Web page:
From School Library Journal
Kindergarten-Grade 2—Burleigh tackles a tough subject in this story of a boy whose dog dies of old age. Death comes with no trauma, just a slow decline as Sheepie runs out of energy and stamina. Owen eventually finds him lying motionless under a tree and realizes that he has lost his friend. The tearful child and his father put the animal carefully into a wagon and, with great sorrow, bury him. As they do so, they recall many of the fun times they had with Sheepie. Burleigh fuses the story with the obvious sadness but with the hope that Sheepie will always be part of their lives. Catalanotto's watercolor and gouache illustrations provide the soft edges that keep this story poignant yet real. Losing a pet is, in some ways, a rehearsal for other losses, and this book may well help children cope when such things occur. Team it with Judith Viorst's The Tenth Good Thing About Barney
(S & S, 1971) for helping children begin to understand the realities of death.—Joan Kindig, James Madison University, Harrisonburg, VA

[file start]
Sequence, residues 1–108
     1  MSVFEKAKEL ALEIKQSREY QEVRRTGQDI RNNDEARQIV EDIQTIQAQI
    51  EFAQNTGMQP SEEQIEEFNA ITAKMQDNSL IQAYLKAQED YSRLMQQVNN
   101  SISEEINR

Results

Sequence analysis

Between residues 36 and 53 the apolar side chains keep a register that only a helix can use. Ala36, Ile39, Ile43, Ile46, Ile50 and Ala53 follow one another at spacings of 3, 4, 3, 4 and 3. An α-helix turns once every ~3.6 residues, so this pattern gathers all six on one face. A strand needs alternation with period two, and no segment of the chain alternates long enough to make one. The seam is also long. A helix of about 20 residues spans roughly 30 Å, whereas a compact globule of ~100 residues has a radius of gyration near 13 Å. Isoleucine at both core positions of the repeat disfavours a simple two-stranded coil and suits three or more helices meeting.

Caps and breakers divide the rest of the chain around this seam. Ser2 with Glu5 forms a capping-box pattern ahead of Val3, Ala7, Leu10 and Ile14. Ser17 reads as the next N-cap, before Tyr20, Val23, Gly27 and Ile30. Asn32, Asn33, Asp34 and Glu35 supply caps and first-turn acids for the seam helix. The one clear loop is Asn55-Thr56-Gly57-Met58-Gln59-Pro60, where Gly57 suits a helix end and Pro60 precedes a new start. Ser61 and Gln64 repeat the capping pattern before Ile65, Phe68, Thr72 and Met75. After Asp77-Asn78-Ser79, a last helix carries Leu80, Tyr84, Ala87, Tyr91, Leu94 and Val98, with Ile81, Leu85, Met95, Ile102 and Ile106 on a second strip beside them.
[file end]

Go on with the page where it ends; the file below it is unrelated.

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The author of Clang! Clang! Beep! Beep! Listen to the City (2009) deals here with a pet’s death. Owen and his dog, Sheepie, are best friends, sharing walks, playtime, and a bed. Although he knows Sheepie is slowing down as he ages, Owen is still upset to find the sheepdog unresponsive under an oak tree. Luckily, Dad is nearby to help with a riverside burial and to encourage Owen to remember the good times the two have shared. Catalanotto’s gentle watercolor-and-gouache paintings give off a yellow glow suggestive of warm sunshine on an autumn day, and are well suited to Burleigh’s quiet text. Although death is never mentioned—nor is afterlife discussed—readers will comprehend Sheepie’s demise and accept the sensitively handled depiction of his burial. A thoughtful choice for one-on-one sharing, this should spark discussions about death and funeral customs. Pair with Corrine Demas’ Saying Goodbye to Lulu (2004), which addresses grieving as well as death. Grades K-2. --Kay Weisman